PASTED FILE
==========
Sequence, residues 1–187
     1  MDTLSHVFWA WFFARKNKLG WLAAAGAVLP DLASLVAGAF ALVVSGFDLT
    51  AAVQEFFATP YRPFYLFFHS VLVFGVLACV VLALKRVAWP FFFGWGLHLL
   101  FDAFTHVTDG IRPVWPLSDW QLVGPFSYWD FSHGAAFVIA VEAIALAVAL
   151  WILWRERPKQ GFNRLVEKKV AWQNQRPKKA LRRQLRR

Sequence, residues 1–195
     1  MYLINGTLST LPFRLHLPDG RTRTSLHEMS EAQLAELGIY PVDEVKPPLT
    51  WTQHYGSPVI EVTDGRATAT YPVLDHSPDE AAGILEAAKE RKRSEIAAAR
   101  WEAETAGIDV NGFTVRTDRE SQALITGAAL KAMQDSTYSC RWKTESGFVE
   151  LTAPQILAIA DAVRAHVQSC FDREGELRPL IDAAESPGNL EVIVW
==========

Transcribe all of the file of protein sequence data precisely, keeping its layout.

Sequence, residues 1–187
     1  MDTLSHVFWA WFFARKNKLG WLAAAGAVLP DLASLVAGAF ALVVSGFDLT
    51  AAVQEFFATP YRPFYLFFHS VLVFGVLACV VLALKRVAWP FFFGWGLHLL
   101  FDAFTHVTDG IRPVWPLSDW QLVGPFSYWD FSHGAAFVIA VEAIALAVAL
   151  WILWRERPKQ GFNRLVEKKV AWQNQRPKKA LRRQLRR

Sequence, residues 1–195
     1  MYLINGTLST LPFRLHLPDG RTRTSLHEMS EAQLAELGIY PVDEVKPPLT
    51  WTQHYGSPVI EVTDGRATAT YPVLDHSPDE AAGILEAAKE RKRSEIAAAR
   101  WEAETAGIDV NGFTVRTDRE SQALITGAAL KAMQDSTYSC RWKTESGFVE
   151  LTAPQILAIA DAVRAHVQSC FDREGELRPL IDAAESPGNL EVIVW